When the Aymara people first came to Bolivia around 2,000 years ago, they developed gradually into a powerful, influential civilization, and while estimates vary, some historians have recently suggested that they may have overseen an empire of more than 1.4 million people at their height. It was the Incas, through, who truly built up the area, overtaking the region from the 15th to the 16th centuries, when Francisco Pizarro, Diego de Almagro, and Hernando de Luque conquered what is today the entire western coast of South America stretching into what is today Bolivia.
Most tourists come to Bolivia not for one thing but for multiple things. While La Paz offers all the comforts of a modern city, it is the natural sights that define Bolivia more in addition to its commitment to preserving its indigenous cultures, represented in the recognition of 36 indigenous languages with co-official status alongside Spanish. Take in the sights, witness the history, taste the coffee out of Yungas: this is all part of the Bolivian experience.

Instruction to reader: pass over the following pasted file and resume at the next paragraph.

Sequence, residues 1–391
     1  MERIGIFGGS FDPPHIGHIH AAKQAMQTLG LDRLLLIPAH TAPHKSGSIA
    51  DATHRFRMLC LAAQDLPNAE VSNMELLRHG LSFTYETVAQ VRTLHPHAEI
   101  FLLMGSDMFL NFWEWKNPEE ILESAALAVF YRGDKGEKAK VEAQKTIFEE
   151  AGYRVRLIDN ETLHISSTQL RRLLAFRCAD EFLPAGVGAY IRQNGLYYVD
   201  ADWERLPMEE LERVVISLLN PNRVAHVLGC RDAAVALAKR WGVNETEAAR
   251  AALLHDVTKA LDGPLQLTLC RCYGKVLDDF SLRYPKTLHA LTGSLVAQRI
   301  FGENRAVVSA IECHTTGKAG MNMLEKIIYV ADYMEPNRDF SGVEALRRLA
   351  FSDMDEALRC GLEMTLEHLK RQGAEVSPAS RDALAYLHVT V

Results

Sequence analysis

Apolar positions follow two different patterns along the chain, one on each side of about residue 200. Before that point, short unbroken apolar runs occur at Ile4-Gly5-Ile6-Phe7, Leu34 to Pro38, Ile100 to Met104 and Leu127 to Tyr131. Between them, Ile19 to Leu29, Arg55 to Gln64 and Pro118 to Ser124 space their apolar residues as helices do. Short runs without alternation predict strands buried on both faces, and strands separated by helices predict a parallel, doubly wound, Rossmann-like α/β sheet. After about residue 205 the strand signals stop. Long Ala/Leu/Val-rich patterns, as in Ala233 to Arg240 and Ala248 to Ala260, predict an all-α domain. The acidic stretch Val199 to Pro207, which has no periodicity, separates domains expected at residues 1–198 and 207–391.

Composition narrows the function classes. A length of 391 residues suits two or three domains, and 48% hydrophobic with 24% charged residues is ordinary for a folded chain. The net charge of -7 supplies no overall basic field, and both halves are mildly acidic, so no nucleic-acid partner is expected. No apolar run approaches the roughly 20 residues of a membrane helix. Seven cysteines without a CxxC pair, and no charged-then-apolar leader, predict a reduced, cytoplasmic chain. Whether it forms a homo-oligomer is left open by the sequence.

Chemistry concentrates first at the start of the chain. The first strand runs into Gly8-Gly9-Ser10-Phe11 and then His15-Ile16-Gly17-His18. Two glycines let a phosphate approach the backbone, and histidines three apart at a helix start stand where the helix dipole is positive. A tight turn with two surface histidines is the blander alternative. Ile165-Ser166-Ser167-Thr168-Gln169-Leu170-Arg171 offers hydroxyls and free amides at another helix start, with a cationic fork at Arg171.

In the height altitude of Bolivia the shade of the Siquilis plant. This Bolivia coffee farm characteristic trees of the place that shelter coffee plantations. Its height and size of leaves provide great shade to the coffee trees. Also, the irrigation these coffee grains obtain is from the ice melting of the Illimani and the Mururata mountains. These mountains create several water streams that arrive at the coffee plantation zone. Therefore, this product becomes to be completely pure, natural and organic.
Another portion of this Bolivian coffee farm coffee from the NOR YUNGAS, in Taipiplaya. This area specializes in amazing coffee crops. This zone is located above the thousand meters of elevation, and has coffee crops planted in great extensions. The type of grain is Arabica 100%. Here in this region is where around 300 families live every day of the cultivation of coffee and its derivatives.